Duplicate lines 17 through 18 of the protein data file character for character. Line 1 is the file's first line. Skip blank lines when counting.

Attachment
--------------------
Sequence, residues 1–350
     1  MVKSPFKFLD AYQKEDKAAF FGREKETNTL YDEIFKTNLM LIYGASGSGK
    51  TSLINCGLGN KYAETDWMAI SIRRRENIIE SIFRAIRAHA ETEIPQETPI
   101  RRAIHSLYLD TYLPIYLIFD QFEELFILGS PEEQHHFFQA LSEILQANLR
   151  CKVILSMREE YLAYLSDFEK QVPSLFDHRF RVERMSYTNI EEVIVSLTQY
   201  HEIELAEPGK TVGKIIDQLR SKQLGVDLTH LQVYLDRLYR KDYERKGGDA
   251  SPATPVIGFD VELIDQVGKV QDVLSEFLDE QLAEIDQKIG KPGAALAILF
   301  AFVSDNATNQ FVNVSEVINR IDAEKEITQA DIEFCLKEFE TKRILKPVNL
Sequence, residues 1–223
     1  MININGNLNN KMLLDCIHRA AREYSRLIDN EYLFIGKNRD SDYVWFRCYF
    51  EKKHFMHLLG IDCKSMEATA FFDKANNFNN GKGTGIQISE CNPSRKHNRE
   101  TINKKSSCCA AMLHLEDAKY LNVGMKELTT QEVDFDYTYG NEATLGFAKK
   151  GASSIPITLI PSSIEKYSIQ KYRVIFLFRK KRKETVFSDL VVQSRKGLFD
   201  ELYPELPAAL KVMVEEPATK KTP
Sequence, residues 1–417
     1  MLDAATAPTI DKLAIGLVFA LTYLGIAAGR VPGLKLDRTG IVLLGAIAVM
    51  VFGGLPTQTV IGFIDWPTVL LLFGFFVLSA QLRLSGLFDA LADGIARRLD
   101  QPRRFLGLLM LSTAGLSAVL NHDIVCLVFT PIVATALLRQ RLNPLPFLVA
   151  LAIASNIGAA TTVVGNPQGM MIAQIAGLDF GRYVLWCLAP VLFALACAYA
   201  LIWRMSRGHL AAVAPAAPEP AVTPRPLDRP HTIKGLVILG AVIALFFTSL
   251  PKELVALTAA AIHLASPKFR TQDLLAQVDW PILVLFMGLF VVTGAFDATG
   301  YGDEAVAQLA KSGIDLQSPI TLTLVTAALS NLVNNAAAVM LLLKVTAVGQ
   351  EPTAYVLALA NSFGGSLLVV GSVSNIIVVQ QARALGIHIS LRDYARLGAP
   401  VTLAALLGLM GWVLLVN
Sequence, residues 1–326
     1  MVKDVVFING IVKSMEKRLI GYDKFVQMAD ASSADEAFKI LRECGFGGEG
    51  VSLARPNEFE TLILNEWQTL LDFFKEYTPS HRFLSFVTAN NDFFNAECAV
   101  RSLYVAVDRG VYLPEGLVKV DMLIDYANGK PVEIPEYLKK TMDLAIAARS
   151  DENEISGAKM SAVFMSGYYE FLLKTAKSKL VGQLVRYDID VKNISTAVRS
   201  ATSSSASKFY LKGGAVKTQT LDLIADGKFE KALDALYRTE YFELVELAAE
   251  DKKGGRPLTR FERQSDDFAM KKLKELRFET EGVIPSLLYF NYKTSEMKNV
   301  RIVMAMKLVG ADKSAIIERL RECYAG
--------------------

    51  VFGGLPTQTV IGFIDWPTVL LLFGFFVLSA QLRLSGLFDA LADGIARRLD
   101  QPRRFLGLLM LSTAGLSAVL NHDIVCLVFT PIVATALLRQ RLNPLPFLVA